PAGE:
Like the Surface Pro 8, it has 2 USB-C ports with Thunderbolt 4. So, you can take those 2 terabytes and expand it with mega fast external storage. And if you buy the model without the NVIDIA GPU, you could plug an external one right into that Thunderbolt ready USB-C port. The Surface Dock connector is still there, alongside of thunderbolt, so there’s some plenty of options for charging and Docking.

New Hinge Design

Back on the screen, I’m really interested to see how this hinge design plays out. The positions make a lot of sense to me coming from the Surface Studio 2. I often fold the studio forward, but I need to move the keyboard off to the side and out of the way – which is messy. With the laptop studio, as soon as you move the display forward into either stage, or studio mode, the keyboard is covered.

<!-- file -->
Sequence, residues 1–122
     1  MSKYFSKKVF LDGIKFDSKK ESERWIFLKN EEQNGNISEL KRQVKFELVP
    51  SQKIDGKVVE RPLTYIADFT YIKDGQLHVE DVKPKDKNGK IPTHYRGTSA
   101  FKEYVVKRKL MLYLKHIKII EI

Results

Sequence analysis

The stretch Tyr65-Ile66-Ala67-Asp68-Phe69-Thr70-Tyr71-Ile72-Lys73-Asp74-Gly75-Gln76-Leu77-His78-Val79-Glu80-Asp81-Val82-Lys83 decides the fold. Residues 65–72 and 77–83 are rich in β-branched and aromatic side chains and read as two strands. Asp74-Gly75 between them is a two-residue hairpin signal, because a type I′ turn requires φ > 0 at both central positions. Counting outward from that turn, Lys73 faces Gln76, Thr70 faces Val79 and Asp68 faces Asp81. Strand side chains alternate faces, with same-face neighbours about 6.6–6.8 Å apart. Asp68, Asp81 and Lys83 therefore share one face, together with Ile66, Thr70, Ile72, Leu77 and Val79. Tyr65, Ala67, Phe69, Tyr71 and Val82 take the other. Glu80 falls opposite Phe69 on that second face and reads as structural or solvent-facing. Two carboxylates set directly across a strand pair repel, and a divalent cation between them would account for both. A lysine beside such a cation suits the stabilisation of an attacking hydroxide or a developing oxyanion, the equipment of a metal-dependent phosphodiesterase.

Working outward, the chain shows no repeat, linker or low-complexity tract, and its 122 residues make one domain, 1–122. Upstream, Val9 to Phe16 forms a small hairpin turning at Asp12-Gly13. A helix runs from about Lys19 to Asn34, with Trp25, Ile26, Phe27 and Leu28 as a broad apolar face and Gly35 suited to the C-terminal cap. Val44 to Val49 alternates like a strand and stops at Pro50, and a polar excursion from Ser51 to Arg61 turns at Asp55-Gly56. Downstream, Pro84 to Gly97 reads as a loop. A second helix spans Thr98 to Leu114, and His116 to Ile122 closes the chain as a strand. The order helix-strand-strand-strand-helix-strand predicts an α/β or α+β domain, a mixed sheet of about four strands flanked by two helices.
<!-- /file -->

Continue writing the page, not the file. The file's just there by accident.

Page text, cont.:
In the stage position, you can still use the trackpad, for precision and proportional input – or touch and pen. And in the flat studio position, everything is covered leaving you free to take notes, sketch and create. Like most of the 360 type devices, the Studio is too thick for comfort if you’re doing a lot of pen work like this. I’d prefer a thinner device, but I’ll reserve my judgement until I use it.

The new Surface Slim Pen 2 magnetically attaches under the front edge of the Surface Laptop Studio.